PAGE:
2017 Toyota Mirai: Car of the Future in California Now

Published: Thursday, August 31, 2017 | 6:05 PM

2017toytoamirai475The Toyota Mirai essentially operates as an EV, it has an electric motor and stores energy in a battery. But the mode of producing the electricity is different, instead of requiring charging from an electrical source, the Mirai uses hydrogen gas that produces electricity via a fuel cell. The only byproduct is water.

You may be wondering where you can fuel the Mirai? In Pasadena we are lucky; we have two fueling stations within easy driving distance: one in South Pasadena and one in La Canada. Refueling is a bit confusing at first, or at least I found it to be. You’ve got to make sure you have a good connection and whereas, with gasoline you turn on the pump and then use the hand lever to start pumping, with hydrogen you press the hand lever to lock the pump in and then turn on the pump. Once you get that down, it’s a cinch.

The Mirai gets about 312 miles on a full tank of fuel which out-does most EVs and fueling takes mere minutes, compared to hours with conventional charging. But if you are going on a trip outside that 312 miles you will have to plan carefully because there is not a hydrogen refueling station on every corner. The good news is that there is a website (, that will give you a pretty comprehensive list of all the fueling stations within your driving area.

2017toyotamiraiintThere is only one trim on the Mirai, since it is still in limited production and California is the only state where they are sold. The Mirai comes pretty loaded with keyless ignition and entry, blind-spot monitoring with rear cross-traffic alert, adaptive cruise control, parking sensors, a navigation system, premium audio, eight-way power-adjustable and heated seats and a heated steering wheel.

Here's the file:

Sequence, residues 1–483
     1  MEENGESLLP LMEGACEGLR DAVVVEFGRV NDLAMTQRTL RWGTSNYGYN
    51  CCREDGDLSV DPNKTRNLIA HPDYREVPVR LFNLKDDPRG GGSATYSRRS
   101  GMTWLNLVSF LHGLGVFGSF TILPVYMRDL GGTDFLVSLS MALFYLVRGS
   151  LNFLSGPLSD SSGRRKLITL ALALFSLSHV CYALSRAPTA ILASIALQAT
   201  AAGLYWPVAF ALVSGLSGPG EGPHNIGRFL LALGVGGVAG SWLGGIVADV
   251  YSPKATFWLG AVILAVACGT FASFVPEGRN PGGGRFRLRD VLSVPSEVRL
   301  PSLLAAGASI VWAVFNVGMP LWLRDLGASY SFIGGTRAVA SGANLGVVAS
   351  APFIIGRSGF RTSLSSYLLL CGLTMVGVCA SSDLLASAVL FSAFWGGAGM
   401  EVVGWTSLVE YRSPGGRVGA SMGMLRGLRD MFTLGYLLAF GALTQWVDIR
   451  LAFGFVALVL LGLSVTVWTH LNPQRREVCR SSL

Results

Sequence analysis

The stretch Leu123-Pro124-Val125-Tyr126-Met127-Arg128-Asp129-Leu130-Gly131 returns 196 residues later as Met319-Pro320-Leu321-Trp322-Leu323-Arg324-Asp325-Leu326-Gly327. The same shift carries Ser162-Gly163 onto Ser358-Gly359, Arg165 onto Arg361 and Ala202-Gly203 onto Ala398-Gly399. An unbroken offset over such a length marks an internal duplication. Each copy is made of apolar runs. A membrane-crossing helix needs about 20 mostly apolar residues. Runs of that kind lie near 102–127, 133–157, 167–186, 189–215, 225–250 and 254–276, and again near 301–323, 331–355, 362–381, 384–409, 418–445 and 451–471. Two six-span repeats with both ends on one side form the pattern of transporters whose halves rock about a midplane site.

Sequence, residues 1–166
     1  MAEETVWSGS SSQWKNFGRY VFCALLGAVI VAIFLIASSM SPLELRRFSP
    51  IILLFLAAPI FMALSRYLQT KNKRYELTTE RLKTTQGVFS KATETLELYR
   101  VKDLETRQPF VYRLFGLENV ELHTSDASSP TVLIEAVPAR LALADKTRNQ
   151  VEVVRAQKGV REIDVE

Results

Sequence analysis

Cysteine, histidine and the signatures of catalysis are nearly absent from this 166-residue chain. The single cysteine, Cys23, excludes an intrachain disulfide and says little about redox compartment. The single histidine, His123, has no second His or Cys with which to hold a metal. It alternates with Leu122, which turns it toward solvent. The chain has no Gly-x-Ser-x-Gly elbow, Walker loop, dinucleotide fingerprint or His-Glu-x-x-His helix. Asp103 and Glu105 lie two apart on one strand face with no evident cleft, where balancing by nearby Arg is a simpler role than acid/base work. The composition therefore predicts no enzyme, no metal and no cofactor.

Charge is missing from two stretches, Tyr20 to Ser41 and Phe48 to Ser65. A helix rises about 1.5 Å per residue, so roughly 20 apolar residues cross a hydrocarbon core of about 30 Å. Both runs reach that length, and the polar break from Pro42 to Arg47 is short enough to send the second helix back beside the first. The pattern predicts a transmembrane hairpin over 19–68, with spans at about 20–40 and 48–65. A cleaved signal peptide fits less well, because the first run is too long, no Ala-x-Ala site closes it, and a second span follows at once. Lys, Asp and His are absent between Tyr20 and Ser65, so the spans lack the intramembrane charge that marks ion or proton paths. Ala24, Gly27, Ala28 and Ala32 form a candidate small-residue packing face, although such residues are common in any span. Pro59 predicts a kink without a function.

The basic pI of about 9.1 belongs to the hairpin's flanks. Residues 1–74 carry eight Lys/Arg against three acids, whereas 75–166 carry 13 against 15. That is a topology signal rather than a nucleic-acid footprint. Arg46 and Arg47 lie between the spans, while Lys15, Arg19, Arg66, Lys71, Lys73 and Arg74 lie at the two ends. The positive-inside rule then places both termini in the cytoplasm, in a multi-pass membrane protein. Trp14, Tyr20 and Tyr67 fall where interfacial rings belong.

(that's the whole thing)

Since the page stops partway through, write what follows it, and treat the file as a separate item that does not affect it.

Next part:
The electric engine produces 151 horses and 247 lb-ft of torque. It is plenty fast enough for average driving but in freeway situations it’s a bit sluggish. EPA estimates for the Mirai are 67/city, 67/highway and 67/combined MPGe.

Outside, the Murai is all angles and the inside brings forward that futuristic look with it’s gauges and climate controls. Seating is comfortable with plenty of adjustments and heat for all four seats. Trunk space is cramped due to the fuel cells.

Driving the Mirai is like driving an EV, engine noise is minimal or non-existent and the cabin is relatively free of road noise. The ride is smooth but you will feel larger road imperfections. Steering is steady, if not tight and acceleration is good.

Want to leave less of a carbon footprint but want something that has more range and quicker fueling? Give the 2017 Toyota Mirai a test drive.